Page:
While it’s often said that every man has his price, this is not true of insurance companies. Some risks are simply considered uninsurable to insurers at any reasonable price. Think about collision coverage for the Duke brothers’ General Lee, homeowners coverage for the Human Torch’s log cabin, or a liability policy at Jurassic World (the remodeled Jurassic Park of the early 1990s). While the reasons behind avoiding these insurers seem obvious, there are several attributes that may make a risk uninsurable.
One attribute that can make insurers turn away is the type of risk. For example, broad coverage for reputational risk is generally hard to insure. There are simply too many ways for a corporation to suffer hits to its reputation and the actual economic loss is generally hard to quantify. Pandemic risk is another coverage not commonly available. Because of the widespread impact any large-scale pandemic would have, coverage would need to be very broad in scope, and insurers generally do not open themselves up to that kind of exposure. While risk managers can take steps to insure parts of the potential losses or to mitigate the risk in different ways, these coverages are a few of the ones considered to be uninsurable. However, the types of risks in a property like Jurassic World are not the types that are considered uninsurable.
In general, third-party liability is an insurable risk for most commercial properties. Zoos, public swimming pools, and theme parks all have liability coverage in place to protect themselves from claims by their visitors. The price for these policies is typically related to their safety records, the potential hazards, and the size of the property. A small petting zoo with a good safety record will have lower premiums than a brand-new rock climbing facility. For a theme park such as New Jersey’s previous version of Action Park, poor safety records, intentionally aggressive ride designs, and lax safety protocols led to overly expensive insurance costs and eventually the closing of the park. This individual park became uninsurable at a cost that was acceptable to the insured.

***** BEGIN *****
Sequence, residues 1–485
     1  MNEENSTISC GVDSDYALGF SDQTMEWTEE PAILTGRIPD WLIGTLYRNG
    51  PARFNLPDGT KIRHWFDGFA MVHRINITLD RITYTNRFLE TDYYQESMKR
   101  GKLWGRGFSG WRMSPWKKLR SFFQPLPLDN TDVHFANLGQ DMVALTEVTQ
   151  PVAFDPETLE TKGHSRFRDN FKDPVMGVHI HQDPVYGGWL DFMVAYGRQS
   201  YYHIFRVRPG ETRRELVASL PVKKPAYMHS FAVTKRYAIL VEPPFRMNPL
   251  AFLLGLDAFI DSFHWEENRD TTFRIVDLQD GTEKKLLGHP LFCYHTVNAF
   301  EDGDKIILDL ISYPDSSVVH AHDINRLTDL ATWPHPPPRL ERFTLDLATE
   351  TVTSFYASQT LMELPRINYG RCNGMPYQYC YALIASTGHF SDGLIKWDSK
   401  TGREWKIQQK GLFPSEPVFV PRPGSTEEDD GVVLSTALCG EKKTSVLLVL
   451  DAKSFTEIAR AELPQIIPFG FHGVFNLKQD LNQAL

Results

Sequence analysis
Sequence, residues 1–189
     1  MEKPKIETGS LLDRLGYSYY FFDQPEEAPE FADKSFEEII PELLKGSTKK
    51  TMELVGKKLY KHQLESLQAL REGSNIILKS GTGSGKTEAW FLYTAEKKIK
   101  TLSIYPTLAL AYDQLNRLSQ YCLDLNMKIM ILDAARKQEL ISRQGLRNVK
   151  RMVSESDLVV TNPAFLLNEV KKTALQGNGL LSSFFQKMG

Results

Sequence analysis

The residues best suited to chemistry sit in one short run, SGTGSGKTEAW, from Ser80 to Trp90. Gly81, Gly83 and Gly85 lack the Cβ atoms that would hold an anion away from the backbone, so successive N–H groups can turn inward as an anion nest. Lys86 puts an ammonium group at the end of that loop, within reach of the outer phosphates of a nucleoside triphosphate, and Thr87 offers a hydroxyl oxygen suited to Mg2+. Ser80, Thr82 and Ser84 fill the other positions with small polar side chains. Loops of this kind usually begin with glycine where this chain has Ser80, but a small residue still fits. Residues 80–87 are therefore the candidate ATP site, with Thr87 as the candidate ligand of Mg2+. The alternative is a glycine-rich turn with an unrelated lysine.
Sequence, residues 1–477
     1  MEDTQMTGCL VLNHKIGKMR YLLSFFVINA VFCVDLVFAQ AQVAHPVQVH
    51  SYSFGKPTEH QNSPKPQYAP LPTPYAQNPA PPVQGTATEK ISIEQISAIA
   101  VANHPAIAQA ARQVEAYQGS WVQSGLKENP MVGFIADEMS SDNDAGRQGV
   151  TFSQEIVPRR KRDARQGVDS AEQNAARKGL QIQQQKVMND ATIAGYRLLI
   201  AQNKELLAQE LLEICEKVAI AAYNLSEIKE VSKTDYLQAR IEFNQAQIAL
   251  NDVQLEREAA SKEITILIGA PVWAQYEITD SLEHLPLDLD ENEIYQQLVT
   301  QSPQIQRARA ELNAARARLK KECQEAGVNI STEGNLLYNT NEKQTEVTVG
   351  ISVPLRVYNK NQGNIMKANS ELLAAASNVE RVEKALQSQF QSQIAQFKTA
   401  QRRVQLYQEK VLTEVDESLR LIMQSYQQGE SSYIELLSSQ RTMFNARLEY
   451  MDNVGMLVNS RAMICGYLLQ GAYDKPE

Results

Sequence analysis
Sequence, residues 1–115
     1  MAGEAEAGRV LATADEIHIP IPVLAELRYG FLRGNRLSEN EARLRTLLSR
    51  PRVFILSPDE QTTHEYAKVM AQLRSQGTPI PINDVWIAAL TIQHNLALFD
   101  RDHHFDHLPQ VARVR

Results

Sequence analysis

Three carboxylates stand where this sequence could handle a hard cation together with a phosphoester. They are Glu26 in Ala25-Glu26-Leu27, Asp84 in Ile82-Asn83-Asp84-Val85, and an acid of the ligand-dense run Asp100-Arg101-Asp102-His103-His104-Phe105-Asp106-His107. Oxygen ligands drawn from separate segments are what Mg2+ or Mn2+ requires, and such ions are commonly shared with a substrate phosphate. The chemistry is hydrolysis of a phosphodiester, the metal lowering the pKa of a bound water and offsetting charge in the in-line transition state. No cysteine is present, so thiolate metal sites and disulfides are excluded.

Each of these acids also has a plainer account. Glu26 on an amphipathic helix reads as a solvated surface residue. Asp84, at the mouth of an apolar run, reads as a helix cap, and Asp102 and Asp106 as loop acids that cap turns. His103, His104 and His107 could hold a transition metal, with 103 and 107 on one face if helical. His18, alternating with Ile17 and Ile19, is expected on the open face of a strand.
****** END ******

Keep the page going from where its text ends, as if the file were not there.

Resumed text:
Given that Action Park was unable to obtain coverage, it is hard to believe many underwriters and actuaries were pushing to get in the raptors den with Jurassic World. Back in its development stage as Jurassic Park, the safety records were spotty at best and the project was abandoned. The potential hazards of this park, where genetic engineering meets drive-through safari, are rather unique. Even an optimist would project a relatively high frequency of claims for Jurassic World relative to your average zoo or theme park. While insurance is often provided for insureds with high claim frequencies, this is connected with stable and predictable claim costs. Based on its history and attractions, it is not a stretch to believe too many claimants would be eaten to keep claim costs low and predictable.
Potential insureds can be classified as uninsurable either by the nature of the coverage requested or by the attributes of the individual risk. Jurassic World would need to take drastic measures to attract any insurers, perhaps enhancing safety measures or bringing in someone experienced with parks and recreation to bring experienced leadership. Only time and a movie ticket will tell if Jurassic World can overcome its reputation and become a safe, functioning park and an insurable risk.